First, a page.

In December 1977 and January 1978, Frantisek Pitor and Alena Klímová were on trial in Pilsen for tape-recording the text of Charter 1977 from a foreign broadcast and then making and distributing copies of it. The judge explained to the accused that under present conditions in Czechoslovakia, no person has cause for fear. The accused were obviously somewhat dense people, unable to grasp simple points, and to ensure that this idea penetrated their consciousness, and to give them time to meditate about it, the judge awarded Pitor a sentence of three years and his young female assistant one.
These are after all mild sentences: time passes quickly, and Pitor had already been given ten years under the pre-1968 regime (a. sentence terminated by an amnesty), so that he is used to it, as you might say, and three years will seem as nothing; he will also be able to reflect on how this much milder sentence indicates a softening and liberalization.
After all, as a recidivist Pitor might have expected something worse. That he used an army copying machine to disseminate an “anti-state incitement” suggested a bland Schweik-like impertinence; he was asking for it. The report of the case does not even suggest that two further assistants, who handled the machine, were ever prosecuted.
Before we laugh at the judge, we should note that what he said to the accused has an element of truth. Contemporary Czechoslovakia is not a country of fear and trembling. In the 1950s, the following joke circulated: in what way does the Czechoslovak republic resemble a Prague tram? Answer: some sit (sedí, which means both “sitting” and “being in jail”), while others stand and tremble. In the 1950s, Prague trams had not changed since pre-Munich days. They were rickety and it was indeed impossible to stand in them when they were in motion without shaking all over. This is no longer true. The rolling stock of the Prague tram lines has been renewed and it is now perfectly possible to stand in them and shake only occasionally. As for those who are ready to sit, for political reasons, critics of the regime point to the 1,000 names signed to Charter 77 but not to many more.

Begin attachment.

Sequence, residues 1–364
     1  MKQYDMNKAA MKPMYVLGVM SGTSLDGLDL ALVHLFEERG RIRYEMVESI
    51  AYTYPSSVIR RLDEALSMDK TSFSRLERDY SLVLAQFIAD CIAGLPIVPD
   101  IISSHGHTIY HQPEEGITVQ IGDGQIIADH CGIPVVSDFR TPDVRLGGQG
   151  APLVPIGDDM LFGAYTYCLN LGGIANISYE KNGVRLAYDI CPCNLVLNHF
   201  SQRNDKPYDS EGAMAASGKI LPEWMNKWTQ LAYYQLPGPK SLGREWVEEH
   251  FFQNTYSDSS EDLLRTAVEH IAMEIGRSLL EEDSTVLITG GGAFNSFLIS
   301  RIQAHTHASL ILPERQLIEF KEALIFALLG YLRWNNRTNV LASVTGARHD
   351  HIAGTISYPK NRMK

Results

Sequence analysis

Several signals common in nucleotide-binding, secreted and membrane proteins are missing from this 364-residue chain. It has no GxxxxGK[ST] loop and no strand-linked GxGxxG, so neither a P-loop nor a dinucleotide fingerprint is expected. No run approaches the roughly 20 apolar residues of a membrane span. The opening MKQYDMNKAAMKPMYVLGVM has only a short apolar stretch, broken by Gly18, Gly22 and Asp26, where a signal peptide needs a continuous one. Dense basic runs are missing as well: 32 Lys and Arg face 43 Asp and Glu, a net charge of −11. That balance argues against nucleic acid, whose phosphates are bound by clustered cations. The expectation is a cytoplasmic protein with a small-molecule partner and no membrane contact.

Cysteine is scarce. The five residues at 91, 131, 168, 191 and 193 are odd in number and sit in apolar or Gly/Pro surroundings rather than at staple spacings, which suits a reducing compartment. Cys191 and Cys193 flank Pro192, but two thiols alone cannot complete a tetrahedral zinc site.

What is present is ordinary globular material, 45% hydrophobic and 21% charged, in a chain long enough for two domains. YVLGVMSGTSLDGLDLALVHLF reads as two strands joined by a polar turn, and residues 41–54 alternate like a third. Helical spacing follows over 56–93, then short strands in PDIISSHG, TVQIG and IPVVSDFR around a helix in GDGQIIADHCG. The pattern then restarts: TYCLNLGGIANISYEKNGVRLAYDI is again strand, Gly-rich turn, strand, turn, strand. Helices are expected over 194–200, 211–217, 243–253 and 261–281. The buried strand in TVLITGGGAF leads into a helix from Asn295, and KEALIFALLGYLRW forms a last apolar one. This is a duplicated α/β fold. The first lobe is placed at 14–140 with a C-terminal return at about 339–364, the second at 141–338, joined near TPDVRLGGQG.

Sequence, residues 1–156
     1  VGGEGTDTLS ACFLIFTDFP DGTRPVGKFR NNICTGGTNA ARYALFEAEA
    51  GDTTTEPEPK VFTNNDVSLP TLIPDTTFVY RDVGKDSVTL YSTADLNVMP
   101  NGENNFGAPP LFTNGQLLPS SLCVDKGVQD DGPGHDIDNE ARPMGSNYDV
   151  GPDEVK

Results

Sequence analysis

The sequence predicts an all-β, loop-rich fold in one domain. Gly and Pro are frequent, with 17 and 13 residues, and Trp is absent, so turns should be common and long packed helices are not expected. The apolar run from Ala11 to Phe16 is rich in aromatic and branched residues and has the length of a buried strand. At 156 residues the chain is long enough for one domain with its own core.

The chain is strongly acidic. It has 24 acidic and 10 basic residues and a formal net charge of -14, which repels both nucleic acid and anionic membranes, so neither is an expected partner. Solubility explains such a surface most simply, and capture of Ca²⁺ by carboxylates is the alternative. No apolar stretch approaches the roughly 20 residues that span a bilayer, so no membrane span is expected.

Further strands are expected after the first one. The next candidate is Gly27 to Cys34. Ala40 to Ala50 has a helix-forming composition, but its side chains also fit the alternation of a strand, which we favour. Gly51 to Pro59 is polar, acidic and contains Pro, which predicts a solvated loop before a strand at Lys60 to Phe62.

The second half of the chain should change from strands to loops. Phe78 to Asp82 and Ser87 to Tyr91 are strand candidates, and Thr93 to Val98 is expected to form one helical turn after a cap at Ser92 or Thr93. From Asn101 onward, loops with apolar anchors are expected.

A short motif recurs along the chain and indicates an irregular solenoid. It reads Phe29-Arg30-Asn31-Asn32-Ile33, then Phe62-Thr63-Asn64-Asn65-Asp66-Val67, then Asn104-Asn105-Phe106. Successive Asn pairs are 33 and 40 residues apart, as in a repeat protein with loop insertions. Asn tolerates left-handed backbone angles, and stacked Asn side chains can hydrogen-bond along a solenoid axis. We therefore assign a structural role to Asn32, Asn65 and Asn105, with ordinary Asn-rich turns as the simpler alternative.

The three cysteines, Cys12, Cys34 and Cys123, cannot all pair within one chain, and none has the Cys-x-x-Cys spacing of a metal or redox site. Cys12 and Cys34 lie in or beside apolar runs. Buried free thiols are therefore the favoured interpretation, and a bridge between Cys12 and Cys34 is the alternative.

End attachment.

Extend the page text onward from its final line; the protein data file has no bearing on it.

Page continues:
If one separates liberal from authoritarian societies by whether social order is maintained by the threat of force or by more subtle and devious means with force remaining discreetly in the background and emerging only as an occasional last resort, then contemporary Czechoslovakia is a liberal society, and Pitor’s judge, was right. (I know that one can think of more stringent or more refined criteria.) Conformity with the present social order is, at most times and for most citizens, ensured by subtler and more devious means.
There is perhaps a small minority who wholeheartedly believe in the present system (though it is difficult to find them), and there is another minority, perhaps smaller, which is wholeheartedly committed to defying and denouncing it. But neither represents the normal …
This article is available to online subscribers only.
Please choose from one of the options below to access this article:
Purchase a print premium subscription (20 issues per year) and also receive online access to all all content on nybooks.com.
Purchase an Online Edition subscription and receive full access to all articles published by the Review since 1963.
Purchase a trial Online Edition subscription and receive unlimited access for one week to all the content on nybooks.com.